After both of our dogs had an allergic reaction to the Scalibor flea collar (skin irritation, itching, bleeding, and swelling in the ears and neck) we decided it was time to bite the bullet and have our dogs vaccinated against Leishmaniasis, also known as sandfly disease.
We arranged a visit with our vet for the first part of the process: a Leishmaniasis blood test. Blood was drawn from the leg, and placed on a little tab that looks like a human pregnancy test. We waited 30 minutes for the results: only one pink line! Negative!
Then our pups got their first Canileish injection in the scruff of the neck. Our vet advised us that the dogs may be lethargic, lose their appetite, and have some muscle soreness as part of the Canileish side effects. Ellie was fine; Winnie was crying and sore for days. So let's call it a coin toss.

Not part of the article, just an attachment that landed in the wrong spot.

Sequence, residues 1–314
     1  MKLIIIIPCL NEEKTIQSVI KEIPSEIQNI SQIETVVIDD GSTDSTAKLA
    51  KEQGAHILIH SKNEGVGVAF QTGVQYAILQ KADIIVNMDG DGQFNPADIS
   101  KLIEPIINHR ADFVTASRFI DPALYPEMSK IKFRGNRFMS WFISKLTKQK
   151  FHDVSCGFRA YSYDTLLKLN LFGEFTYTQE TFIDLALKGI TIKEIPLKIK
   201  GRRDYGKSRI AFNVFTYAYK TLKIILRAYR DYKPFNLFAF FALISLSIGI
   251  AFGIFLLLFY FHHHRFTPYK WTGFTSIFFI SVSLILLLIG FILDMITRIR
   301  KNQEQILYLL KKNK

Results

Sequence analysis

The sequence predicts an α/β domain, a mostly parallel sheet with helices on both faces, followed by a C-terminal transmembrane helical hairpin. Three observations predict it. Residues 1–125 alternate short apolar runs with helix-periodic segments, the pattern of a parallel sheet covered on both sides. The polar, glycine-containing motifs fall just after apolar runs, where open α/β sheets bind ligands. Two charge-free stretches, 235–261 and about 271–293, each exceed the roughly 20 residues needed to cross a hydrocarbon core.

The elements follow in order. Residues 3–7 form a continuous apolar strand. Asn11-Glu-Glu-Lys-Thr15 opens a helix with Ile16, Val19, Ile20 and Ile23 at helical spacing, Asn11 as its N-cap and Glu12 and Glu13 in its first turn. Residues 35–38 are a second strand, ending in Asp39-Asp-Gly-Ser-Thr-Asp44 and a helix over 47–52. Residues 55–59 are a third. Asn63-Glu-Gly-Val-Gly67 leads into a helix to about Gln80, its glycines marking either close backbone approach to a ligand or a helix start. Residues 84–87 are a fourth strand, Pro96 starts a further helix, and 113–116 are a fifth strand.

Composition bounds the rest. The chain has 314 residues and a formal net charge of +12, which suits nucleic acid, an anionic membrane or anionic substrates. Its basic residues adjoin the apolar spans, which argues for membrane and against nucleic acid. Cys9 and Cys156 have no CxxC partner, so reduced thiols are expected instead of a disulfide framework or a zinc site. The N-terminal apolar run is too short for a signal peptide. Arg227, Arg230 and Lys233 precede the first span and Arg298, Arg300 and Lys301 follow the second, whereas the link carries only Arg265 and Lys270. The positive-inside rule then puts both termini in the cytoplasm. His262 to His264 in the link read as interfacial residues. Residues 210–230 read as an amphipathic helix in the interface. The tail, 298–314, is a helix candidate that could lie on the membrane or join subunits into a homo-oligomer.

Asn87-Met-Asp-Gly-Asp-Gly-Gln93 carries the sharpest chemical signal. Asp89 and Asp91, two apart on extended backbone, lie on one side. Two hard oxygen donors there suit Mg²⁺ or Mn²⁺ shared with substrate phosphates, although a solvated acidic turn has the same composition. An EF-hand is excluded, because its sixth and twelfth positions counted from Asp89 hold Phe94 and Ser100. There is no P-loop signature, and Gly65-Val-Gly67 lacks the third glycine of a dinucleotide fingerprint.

We returned last week for a second injection. Again, Winnie was quite sore, crying, limping, and developed a large swollen area where she had the injection that lasted several days. Ellie was also more sore with the second injection.
The last injection (the full vaccine is a set of three) is given in a month's time. After that it's just an annual booster shot every year, and regular application of anti-flea drops. Between the vaccine (with a protection rate of 70-80%) and the drops we hope our dogs will now be well protected from Leishmaniasis.
€1.50 per blood test
€40 per injection
€18.50 for a 6 month supply of flea drops for one small dog
Has your dog been vaccinated? What methods do you use to protect your dog against Leishmaniasis? It's not only present in Malta, but in all of the southern Mediterranean.
p.s. we've been receiving great feedback and really touching stories on our original Dangers of Sandfly in Malta post.